Friday, 4 April 2014

2 May 1997 by Jack Thorne

British Prime Minister Tony Blair and US President George W. Bush walk through the Cross Hall of the White House before the start of their news conference, 2003 (photo taken by the US government).
Jack Thorne's play 2 May 1997 premiered at the Bush Theatre in London on 8 September 2009, directed by George Perrin. It is set on the night and morning that the British Labour party gets back into power, and explores the zeitgeist of the recent past through three stories that unfold as the voting progresses, with a nostalgic soundtrack of music from the late 1990s. Each of these tales is a two-hander taking place in and around a bed: first dying Tory MP Robert and wife Marie, then shy Lib Dem campaign supporter Ian back home from an election party with gate crasher Sarah, and finally A-level politics students and Tony Blair fans Will and Jake, waking up in the morning after crashing out in Jake's bed. 


While having only two people interacting on stage allows for a real intimacy, it does also bring limitations to the possible dynamics, although this is compensated for by a rich world of off-stage characters and also by Thorne's ability to create links between these couples who have never met each other. Sarah, for example, is roughly the same age and as similarly messed up as Robert and Maries' daughter, and precocious Jake is like a much younger version of Robert, at the start of his life, while Robert looks back over his own, with a certain bitter disappointment and awareness of how much he sacrificed his family life for politics. While the scenes take place almost simultaneously in time, the effect, therefore, is of watching a condensed three ages of man/woman.This linearity is reinforced by the bed which smoothly tracks across the stage as the action progresses. There are occasions when time and place are disrupted on stage by characters from other scenes still being on the bed when it now belongs to the next couple, but this could have perhaps been more fully exploited. For example as it was in Rufus Norris's production of Festen, where the audience saw two bedroom scenes acted out simultaneously in the same space.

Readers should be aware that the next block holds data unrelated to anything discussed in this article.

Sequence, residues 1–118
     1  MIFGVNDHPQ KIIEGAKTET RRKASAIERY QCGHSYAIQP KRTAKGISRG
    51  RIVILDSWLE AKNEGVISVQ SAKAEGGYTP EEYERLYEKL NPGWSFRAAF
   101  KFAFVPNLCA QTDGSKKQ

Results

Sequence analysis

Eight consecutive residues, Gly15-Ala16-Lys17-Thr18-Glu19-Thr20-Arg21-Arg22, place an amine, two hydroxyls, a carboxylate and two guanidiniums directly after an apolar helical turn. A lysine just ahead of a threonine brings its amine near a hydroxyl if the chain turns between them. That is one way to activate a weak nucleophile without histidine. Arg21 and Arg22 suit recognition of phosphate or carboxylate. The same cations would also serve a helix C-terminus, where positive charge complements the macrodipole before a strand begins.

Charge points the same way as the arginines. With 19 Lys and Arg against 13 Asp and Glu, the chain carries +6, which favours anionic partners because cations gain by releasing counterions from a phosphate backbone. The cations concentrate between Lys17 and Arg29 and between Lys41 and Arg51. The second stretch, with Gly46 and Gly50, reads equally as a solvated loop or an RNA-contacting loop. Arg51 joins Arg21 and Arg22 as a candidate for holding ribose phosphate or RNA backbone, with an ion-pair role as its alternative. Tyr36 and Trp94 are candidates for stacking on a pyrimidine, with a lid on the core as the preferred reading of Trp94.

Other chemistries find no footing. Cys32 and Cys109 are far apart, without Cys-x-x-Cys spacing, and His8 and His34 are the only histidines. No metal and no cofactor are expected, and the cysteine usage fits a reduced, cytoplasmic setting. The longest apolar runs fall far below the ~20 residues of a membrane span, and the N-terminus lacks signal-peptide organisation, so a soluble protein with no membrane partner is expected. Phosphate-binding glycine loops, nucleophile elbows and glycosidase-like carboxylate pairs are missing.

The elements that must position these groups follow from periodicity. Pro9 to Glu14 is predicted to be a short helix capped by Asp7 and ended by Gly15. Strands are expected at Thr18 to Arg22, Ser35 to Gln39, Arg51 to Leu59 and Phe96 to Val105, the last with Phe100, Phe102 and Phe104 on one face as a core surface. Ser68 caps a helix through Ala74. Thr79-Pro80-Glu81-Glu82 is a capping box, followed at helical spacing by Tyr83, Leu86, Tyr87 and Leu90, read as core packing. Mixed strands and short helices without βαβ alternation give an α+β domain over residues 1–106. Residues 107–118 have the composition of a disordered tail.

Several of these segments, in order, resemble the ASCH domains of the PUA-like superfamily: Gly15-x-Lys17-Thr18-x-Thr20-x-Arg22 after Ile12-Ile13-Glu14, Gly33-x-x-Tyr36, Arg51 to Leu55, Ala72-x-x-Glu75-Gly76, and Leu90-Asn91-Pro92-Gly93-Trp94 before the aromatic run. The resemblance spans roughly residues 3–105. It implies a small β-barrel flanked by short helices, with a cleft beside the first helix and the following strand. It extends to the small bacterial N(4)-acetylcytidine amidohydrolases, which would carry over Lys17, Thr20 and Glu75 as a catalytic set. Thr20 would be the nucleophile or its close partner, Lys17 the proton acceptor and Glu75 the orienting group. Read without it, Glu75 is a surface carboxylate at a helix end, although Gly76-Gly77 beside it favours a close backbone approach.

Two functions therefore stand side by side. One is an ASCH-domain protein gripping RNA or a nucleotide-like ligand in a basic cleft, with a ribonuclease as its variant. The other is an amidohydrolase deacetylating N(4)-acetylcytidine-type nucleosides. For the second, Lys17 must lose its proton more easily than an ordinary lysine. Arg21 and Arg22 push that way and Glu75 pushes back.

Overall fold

Jack Thorne would have been the age that his character Jake is in 1997, and this play appears to represent an attempt to understand life's trajectory, how an era is formed and how it comes to pass, and how the personal interacts with the political. In his exploration of this, Thorne succeeds in transforming the potentially stock scenarios of the long-suffering wife, the man who was almost great, the brittle vulnerability of casual sex, and the pain and confusion of adolescent desire into a searching piece of theatre.